Halloween is almost here, which means lots of people are planning on wearing some kind of costume for an event or two. Not too many years ago, getting a great costume together was much harder than it is today — unless a person was handy with making his or her own costumes from scratch, he or she was stuck with a limited selection of commercially available costumes, or could go to a rental place. In comparison, today someone who really likes to get dressed up for Halloween has a lot more options.
There are cosplay forums, Etsy shops and much better stocked costume shops, not to mention countless other online sources. There's no reason most people can't put together a great Halloween costume if they are willing to spend a bit of effort and money to achieve it. But while it may be simple to put together an attention-getting costume, it's also easy to get that attention for all the wrong reasons. Here are a few costumes to consider avoiding this Halloween.
4. Racially or Culturally Insensitive Costumes
I get it. It can seem like too many people are easily outraged over things they shouldn't be. There are definitely people who seem overly sensitive and easily set off by things that it isn't reasonable to be so upset by, but there are also a lot of jerks out there who think it's okay to push any buttons they want without anyone ever having a problem with it. It boggles my mind that it's still relatively simple to go into a costume shop and buy items like “sexy Indian brave” or “Drunk Mexican.” (Yes, those are real.)
So unless you're going to a costume party thrown by the local KKK, perhaps it's time to grow up and forgo crap like that. Or at least understand that if you think those types of costumes are cool, many people are going to think you're a total a-hole…and they'd be right. (For the record, I also think it's offensive when you see “dumb hick” or “hillbilly” costumes.)
3. Political Costumes
Man, a lot of us sure spend a lot of time arguing about political stuff, don't we? It gets a bit exhausting, doesn't it? You know what would be really great? If we all just dressed up like politicians we love or hate for Halloween. Oh, wait…I meant, wouldn't that be the lamest thing ever? I have to hear about Donald Trump every day now; why wouldn't I want to see a few of his doppelgängers running around at a Halloween bash? Sorry, if I threw a party and someone showed up dressed as Hillary Clinton or Steve Bannon, that person would be refused entry. Same rules apply to pop-culture figures who tend to elicit angry responses. Besides being the equivalent of real-life trolling, these choices generally show a lack of creativity.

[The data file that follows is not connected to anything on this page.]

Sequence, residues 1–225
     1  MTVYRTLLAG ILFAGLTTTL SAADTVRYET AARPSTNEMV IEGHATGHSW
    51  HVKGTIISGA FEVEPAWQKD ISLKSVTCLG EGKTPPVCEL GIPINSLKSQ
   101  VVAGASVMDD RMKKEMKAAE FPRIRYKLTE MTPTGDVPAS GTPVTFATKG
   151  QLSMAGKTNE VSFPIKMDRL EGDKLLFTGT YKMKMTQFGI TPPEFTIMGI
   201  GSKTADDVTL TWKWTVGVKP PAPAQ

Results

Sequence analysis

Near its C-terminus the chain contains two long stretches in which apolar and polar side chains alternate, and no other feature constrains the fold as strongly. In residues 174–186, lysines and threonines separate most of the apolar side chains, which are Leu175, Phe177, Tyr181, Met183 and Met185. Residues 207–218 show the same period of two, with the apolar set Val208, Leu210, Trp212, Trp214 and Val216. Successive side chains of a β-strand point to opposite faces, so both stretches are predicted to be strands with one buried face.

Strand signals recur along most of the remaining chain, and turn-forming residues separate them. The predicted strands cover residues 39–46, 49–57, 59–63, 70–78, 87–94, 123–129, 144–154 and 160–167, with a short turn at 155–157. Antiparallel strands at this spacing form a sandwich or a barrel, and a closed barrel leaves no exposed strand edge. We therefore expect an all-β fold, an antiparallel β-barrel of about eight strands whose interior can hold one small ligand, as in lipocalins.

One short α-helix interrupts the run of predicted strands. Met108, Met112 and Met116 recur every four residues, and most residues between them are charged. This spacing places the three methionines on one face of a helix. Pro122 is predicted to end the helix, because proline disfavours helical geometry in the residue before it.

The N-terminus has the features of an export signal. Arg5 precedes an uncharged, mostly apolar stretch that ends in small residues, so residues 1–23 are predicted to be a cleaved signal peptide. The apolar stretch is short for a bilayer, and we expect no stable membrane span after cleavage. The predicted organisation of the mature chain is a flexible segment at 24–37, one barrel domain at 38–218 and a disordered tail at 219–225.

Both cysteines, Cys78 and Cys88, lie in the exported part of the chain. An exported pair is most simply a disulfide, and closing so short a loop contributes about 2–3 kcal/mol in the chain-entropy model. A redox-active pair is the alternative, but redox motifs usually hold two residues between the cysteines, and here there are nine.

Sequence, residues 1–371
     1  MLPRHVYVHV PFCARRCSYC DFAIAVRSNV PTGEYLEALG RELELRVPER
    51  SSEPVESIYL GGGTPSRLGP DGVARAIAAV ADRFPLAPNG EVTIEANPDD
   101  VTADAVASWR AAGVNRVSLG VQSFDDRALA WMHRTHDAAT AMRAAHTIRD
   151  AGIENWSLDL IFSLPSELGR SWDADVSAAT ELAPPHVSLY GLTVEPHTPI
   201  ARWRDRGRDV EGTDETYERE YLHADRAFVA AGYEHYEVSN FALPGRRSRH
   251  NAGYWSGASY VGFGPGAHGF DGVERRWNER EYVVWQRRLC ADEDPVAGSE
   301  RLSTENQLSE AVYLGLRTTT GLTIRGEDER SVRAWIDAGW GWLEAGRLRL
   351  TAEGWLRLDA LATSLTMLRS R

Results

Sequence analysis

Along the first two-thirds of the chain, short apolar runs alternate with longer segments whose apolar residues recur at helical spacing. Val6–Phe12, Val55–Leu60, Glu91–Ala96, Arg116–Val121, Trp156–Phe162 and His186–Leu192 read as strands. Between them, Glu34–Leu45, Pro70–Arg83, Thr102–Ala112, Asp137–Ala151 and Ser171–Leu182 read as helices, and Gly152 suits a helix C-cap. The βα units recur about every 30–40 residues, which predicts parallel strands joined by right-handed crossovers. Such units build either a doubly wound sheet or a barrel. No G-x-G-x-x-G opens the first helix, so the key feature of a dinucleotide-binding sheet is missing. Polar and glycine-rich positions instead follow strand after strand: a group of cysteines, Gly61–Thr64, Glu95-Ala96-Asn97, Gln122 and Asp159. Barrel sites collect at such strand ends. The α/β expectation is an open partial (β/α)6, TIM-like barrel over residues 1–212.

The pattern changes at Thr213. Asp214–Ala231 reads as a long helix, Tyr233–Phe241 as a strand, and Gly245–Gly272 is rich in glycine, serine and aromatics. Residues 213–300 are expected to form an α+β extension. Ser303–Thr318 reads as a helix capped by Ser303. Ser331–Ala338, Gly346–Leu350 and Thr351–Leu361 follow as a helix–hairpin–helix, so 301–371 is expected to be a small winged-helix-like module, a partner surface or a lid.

2. The "Sexy [Fill In the Blank]" Costume
I don't have a problem at all with anyone dressing “sexy,” and am not about to slut-shame someone for wearing something a bit revealing. Since this article is about “costumes that will get attention,” showing a bit more skin than usual is almost guaranteed to do that, and as long as the person wearing the outfit wants that attention, then what's the harm? But there's good attention and bad attention, and things can go wrong.
Potential ways this can backfire might include showing up at the party in your super-sexy superhero costume, only to discover that your host has invited friends with young kids. So if someone is going this route, it's probably best to find out what kind of shindig the party is going to be, and to get a feel for what's appropriate before you show up wearing a thong and not much else.
1. The “I Wore a Costume But Didn't Even Try” Costume
A costume party is the one environment where a person might get attention for not wearing something that outlandish. I used to host yearly costume parties where dressing up was mandatory, and it was always lame when folks would show up dressed normally except for a hastily “bought at Walgreens en route to the party” clown nose, or a set of cheap plastic vampire fangs. If that's the amount of effort you're going to spend, why even go?
Keep the Houston Press Free... Since we started the Houston Press, it has been defined as the free, independent voice of Houston, and we would like to keep it that way. Offering our readers free access to incisive coverage of local news, food and culture. Producing stories on everything from political scandals to the hottest new bands, with gutsy reporting, stylish writing, and staffers who've won everything from the Society of Professional Journalists' Sigma Delta Chi feature-writing award to the Casey Medal for Meritorious Journalism. But with local journalism's existence under siege and advertising revenue setbacks having a larger impact, it is important now more than ever for us to rally support behind funding our local journalism. You can help by participating in our "I Support" membership program, allowing us to keep covering Houston with no paywalls.